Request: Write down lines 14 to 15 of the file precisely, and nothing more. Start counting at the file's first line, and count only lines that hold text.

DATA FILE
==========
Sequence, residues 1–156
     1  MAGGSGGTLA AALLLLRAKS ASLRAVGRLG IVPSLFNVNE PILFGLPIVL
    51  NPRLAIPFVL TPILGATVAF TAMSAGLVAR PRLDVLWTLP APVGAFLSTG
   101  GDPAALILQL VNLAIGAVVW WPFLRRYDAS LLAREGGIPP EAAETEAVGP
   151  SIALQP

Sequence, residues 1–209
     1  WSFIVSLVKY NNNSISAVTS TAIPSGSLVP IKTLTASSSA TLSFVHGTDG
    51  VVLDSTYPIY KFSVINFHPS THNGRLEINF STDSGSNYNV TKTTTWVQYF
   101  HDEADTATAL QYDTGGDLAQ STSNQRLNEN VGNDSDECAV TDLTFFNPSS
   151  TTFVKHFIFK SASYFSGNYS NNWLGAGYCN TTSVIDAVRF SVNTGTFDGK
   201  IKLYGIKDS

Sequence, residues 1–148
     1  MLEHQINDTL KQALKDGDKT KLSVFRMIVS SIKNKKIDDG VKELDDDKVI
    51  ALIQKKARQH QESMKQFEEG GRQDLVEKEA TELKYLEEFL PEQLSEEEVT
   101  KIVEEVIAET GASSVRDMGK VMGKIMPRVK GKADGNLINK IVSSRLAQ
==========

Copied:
    51  ALIQKKARQH QESMKQFEEG GRQDLVEKEA TELKYLEEFL PEQLSEEEVT
   101  KIVEEVIAET GASSVRDMGK VMGKIMPRVK GKADGNLINK IVSSRLAQ